Cycling in Sydney Australia
First post and, apologies, it may be an obvious one (as apparently Bondi Beach -> CBD is a "priority route") but had a few specific questions about this route and have not had much luck with the search function on the forum. I'm recently returned from London where I cycled everywhere so fairly confident, but getting used to the much faster traffic and less critical mass here.
I am going from the northern end of bondi beach (near the bondi beach public school) to Philip Street (north end of Hyde Park) and have been going via Birriga Road, Victoria Road/Old South Head Road (either share path or on the road depending on traffic and adventurousness), Oxford Street (through the westfield bit and then through the mall), onto the cycle path beside Centennial Park, cross half of Lang Road with pedestrians so I can join traffic turning left down Oxford, then right on Park.
Was wondering those more seasoned at this route had suggestions / thoughts on:
1. Skipping the cycle path alongside centennial park and staying on Oxford Street / leaving the cycle path early to join traffic going straight to remain on Oxford Street (or any other suggestions that are better than the half cross-with pedestrians manoeuvre).
2. Getting from the bus lane on Oxford Street into the right turning College Street lane - this seems quite tricky and the lanes are so narrow it's hard to filter up to the front of the right turning lane.
3. Any alternative route suggestions?
Apart from the Oxford Street / College Street crossing all the lanes bit, fairly happy with Oxford Street from the Lang Road / Moore Park Rd corner so not necessarily seeking back streets for that bit if they are more convoluted / slower.
Thanks very much in advance!
Welcome to Sydney!
(Which is meant as both a genuine welcome and a sarcastic comment on our state government's shitty cycling provision).
Most of the issues you mention relate to state roads that the City of Sydney and councils are unable to fix themselves. The background, and paradox, is that in hilly Sydney these roads are state roads because they have always been the most commuted, because they were chosen due to optimum grading for horse and cart, so you are unlikely to find better roads or routes for cycling, while the government neglects cycling provision due to the number of cars that use them.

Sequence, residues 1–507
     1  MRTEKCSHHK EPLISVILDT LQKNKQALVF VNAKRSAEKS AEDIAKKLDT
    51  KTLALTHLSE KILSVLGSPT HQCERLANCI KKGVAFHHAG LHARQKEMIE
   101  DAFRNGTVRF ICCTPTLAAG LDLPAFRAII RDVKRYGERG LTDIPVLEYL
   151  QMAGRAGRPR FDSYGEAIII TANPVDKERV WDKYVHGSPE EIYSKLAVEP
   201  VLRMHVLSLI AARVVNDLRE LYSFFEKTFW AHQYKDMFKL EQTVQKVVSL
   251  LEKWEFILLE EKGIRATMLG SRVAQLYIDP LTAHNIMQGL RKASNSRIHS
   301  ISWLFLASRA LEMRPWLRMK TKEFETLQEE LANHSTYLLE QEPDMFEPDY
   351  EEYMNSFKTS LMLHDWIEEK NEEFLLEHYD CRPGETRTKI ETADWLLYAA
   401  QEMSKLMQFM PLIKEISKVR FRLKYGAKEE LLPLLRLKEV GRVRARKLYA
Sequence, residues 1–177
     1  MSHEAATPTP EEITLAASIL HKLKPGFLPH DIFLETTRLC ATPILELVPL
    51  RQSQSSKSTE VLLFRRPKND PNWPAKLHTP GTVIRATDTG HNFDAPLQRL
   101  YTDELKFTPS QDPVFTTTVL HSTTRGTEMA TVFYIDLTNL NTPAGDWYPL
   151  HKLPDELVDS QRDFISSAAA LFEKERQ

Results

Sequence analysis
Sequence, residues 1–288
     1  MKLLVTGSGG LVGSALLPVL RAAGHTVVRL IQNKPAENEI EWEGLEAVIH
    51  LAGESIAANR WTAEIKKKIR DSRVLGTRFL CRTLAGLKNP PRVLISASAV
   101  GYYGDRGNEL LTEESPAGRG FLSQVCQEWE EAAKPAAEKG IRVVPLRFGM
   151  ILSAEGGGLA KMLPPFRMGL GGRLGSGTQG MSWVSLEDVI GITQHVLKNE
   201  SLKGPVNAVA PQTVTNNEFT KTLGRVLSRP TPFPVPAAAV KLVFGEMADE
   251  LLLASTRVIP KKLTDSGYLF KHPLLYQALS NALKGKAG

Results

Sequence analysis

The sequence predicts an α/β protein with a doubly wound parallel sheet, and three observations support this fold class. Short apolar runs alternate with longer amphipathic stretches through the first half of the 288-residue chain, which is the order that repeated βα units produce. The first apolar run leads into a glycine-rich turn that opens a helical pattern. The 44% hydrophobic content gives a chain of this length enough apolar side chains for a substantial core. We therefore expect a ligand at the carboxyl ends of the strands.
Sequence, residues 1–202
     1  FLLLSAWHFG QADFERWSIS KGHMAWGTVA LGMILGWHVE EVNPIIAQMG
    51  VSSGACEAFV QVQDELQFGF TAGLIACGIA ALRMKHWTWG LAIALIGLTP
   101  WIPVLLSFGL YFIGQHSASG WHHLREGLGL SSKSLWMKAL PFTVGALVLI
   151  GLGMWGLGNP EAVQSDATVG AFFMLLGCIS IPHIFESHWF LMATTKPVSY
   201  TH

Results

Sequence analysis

Sorry I can't be much help, but to say that I personally claim the lane in such circumstances. I take the right most lane on Oxford street in order to turn right on College (usually but not always filtering to the front) and I take the middle lane on Oxford north of Centennial Park instead of the cyclepath for the same reason.
Helps to claim the lane confidently. Can't say it has any undue risk - the issue of risk in cycling in mostly in perception anyway - and in peak hour the cars are not going fast. But I certainly recognise lane claiming is not for everyone or most and the cyclepaths should be WAY better connected.
Agree with all the above, in addition I spend as little time as possible in the Oxford St bus lane west of Taylor Square following a nasty experience there a few years ago. It's pink and shiny, and hides diesel spills really well! Got caught on one once, and was damn lucky to stay upright and in one piece. Never again.
Yes. The other issue is that Oxford St is downhill at that section going west, it pays to read the traffic ahead when going at speed. Depending on your height and style of bike, its much easier to see over cars in the middle and right lanes, but impossible to see past busses in the left most lane.
Worth mentioning that on multilane roads there is no legal requirement to ride in the left most lane.
Thanks both! I can certainly see while a lot of people are dissuaded from cycling here - not especially pleasant getting close overtaken at speed in one of these freak torrential downpours! I will persevere and can see the sense in taking the lane where necessary - the lanes are too narrow to do otherwise a lot of the time and where there are multiple lanes in the same direction it can encourage drivers to overtake you by changing lanes rather than trying to squeeze past.